Recycling of electric car batteries

As automakers continue to battle the electric car race, some are wondering where batteries will go when they reach the end of their automotive useful life. Simply dumping batteries in landfills doesn’t help the environment and certainly won’t appeal to automakers or consumers. To address this issue, several major automakers in the electric car race have partnered with companies knowledgeable about electricity and energy to devise ways to recycle and reuse obsolete electric car batteries and their energy.

General Motors has announced it is working with Swiss company ABB, a leader in power and automation technologies and the world’s largest supplier of power grid systems, to develop a plan to reuse batteries from the Chevrolet Volt. The companies will develop several pilot projects and study the Volt’s 16 kWh lithium-ion batteries to see how the second-life automotive batteries can be used to provide power grid storage systems. During the pilots, the companies will explore renewable energy storage, grid load management, community backup power and time-of-use management.

According to GM Executive Director of Electrical Systems, Micky Bly, “Volt’s battery will have significant capacity to store electrical energy even after its car life.” That means that after the eight-year or 100,000-mile warranty offered for the Volt, the battery still has energy that can be used for other purposes if the car battery is recycled. Therefore, GM’s ultimate goal, through its ABB partnership, is to find a cost-effective solution that optimizes the entire battery lifecycle and improves the efficiency of the country’s power grid.

Another automaker that has started exploring ways to recycle electric batteries is Nissan. Nissan has entered into a joint venture with Sumitomo Corporation to research used lithium-ion batteries. The joint venture, dubbed 4R Energy, aims to “reuse, resell, refabricate and recycle” the electric batteries that power the Nissan Leaf.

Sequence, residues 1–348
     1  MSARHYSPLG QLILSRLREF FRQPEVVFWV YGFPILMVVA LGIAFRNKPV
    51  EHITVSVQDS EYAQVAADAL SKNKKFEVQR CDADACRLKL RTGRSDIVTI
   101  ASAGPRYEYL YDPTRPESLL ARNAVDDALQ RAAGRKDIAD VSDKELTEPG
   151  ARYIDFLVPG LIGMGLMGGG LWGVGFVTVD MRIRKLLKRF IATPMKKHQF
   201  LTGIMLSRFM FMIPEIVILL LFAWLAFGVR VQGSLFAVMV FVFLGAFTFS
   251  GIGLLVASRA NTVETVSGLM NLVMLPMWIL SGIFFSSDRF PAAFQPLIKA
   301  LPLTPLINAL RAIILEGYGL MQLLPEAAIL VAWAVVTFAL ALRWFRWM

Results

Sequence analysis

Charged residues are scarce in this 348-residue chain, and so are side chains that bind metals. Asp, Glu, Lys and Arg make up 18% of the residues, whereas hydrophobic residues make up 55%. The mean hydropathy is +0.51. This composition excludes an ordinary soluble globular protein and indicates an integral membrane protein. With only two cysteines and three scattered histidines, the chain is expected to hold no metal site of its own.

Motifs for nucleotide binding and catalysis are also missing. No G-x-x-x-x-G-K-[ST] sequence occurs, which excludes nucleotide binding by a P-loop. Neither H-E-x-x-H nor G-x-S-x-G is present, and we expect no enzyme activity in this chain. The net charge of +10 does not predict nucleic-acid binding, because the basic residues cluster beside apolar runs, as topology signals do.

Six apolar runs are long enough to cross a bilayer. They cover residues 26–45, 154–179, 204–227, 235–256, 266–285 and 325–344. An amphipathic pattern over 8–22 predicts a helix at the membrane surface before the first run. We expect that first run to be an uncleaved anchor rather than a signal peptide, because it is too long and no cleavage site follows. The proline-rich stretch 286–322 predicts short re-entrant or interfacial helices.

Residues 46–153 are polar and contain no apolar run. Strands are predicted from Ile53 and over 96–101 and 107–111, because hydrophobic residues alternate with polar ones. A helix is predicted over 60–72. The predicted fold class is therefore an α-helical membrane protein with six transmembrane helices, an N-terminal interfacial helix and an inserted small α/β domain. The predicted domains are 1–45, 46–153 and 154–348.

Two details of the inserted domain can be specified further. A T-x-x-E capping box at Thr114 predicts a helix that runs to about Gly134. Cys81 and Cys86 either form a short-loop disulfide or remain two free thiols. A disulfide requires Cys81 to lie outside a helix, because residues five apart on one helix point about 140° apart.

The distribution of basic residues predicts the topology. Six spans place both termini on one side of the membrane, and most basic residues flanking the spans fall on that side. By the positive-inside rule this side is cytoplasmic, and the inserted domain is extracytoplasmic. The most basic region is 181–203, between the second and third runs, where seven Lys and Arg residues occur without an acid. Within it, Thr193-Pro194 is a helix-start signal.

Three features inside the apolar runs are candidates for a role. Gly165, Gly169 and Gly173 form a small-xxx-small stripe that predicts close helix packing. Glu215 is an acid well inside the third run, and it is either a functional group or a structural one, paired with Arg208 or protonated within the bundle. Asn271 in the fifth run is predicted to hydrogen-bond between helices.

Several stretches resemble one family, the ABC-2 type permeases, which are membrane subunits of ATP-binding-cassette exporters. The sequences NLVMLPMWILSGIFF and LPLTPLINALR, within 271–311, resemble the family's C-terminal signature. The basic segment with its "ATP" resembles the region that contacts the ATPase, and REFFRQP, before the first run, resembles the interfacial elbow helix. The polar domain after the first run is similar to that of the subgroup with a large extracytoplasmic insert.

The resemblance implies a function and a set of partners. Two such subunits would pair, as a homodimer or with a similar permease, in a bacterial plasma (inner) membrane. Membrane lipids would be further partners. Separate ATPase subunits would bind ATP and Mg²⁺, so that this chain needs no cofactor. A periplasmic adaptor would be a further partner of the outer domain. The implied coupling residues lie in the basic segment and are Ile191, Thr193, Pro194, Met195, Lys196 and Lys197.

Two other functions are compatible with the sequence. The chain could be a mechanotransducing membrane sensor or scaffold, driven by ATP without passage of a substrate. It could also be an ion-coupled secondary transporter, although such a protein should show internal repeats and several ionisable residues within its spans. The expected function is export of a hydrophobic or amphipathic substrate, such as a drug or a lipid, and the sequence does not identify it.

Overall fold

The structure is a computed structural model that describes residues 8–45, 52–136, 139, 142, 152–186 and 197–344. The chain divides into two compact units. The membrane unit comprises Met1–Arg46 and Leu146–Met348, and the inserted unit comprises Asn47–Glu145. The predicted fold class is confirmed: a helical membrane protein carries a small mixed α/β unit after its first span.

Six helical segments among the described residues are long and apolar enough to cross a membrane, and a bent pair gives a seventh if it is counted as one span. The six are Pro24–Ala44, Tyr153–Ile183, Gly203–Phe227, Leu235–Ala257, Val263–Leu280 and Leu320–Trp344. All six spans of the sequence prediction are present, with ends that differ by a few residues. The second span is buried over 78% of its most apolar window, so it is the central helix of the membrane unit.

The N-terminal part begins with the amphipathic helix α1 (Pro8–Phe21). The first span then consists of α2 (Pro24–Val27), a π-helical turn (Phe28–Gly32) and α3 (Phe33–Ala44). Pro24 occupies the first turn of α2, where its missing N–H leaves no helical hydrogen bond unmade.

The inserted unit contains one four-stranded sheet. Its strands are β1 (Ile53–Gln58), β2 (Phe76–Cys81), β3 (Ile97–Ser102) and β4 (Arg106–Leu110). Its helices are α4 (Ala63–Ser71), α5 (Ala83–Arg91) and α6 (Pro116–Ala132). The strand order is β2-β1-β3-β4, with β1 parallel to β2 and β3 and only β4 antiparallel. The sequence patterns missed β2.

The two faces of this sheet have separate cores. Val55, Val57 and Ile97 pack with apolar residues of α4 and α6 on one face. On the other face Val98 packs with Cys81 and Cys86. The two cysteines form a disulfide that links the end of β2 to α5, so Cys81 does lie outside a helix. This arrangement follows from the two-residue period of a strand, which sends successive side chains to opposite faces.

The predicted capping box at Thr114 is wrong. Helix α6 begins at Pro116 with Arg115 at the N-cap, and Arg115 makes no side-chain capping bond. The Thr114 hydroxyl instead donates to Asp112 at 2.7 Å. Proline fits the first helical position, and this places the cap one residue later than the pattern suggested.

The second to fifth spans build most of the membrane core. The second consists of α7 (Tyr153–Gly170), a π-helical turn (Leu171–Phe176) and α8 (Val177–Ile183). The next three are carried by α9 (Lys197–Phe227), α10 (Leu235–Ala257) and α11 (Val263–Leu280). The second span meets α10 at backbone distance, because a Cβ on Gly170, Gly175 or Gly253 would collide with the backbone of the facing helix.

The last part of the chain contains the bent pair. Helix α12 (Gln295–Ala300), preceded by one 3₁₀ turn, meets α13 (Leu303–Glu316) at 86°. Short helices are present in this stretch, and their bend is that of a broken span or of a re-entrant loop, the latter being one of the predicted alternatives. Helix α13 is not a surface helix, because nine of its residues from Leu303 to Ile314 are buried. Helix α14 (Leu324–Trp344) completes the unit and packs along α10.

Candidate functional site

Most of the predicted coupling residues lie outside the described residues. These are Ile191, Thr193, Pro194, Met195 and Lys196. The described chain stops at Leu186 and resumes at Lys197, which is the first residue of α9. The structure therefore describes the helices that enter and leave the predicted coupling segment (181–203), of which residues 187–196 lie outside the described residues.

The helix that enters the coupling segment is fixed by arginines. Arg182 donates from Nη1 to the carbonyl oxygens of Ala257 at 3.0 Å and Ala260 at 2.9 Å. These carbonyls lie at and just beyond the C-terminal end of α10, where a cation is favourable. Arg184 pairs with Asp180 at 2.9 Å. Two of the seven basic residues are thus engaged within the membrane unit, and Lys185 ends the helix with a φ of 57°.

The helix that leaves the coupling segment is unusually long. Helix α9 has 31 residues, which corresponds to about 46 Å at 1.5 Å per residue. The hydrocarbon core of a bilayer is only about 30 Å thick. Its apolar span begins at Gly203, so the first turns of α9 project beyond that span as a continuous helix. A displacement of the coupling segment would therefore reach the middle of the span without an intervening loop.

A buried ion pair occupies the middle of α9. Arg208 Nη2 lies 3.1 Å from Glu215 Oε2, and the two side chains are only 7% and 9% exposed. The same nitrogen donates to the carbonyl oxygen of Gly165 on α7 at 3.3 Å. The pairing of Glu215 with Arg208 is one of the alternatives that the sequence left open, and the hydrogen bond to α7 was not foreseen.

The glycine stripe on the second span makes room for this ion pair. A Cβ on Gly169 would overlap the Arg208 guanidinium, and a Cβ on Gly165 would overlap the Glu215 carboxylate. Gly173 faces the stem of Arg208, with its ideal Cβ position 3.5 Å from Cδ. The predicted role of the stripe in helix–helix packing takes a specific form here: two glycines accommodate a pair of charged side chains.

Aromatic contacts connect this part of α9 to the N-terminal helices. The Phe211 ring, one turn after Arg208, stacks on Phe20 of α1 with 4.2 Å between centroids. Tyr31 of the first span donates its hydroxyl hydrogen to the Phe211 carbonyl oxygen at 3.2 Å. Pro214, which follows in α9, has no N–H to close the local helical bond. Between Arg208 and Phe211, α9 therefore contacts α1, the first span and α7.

The Company is expected to conduct demonstration testing and a commercialization study while working towards developing a business utilizing second life cycle lithium-ion batteries.

Finally, California electric car maker Tesla Motors has begun a research project with SolarCity, a national leader in solar design and installation, and the University of California, Berkley, to explore the potential of aging electric car batteries. The trio is developing a system that combines Tesla’s electric car battery system with SolarCity’s monitoring platform to produce an advanced grid-interactive photovoltaic (PV) and stationary storage product that can be installed in buildings. The idea is that the battery storage created will collect excess PV energy that the utility can use instead of using power plants with larger emissions.

So, as the electric car race rages on, it looks like General Motors, Nissan, and Tesla Motors will all be entering the electric car battery race as well. With ideas as big as renewable energy storage, smart grids and providing backup power for buildings, who knows where the second life of electric car batteries will end up.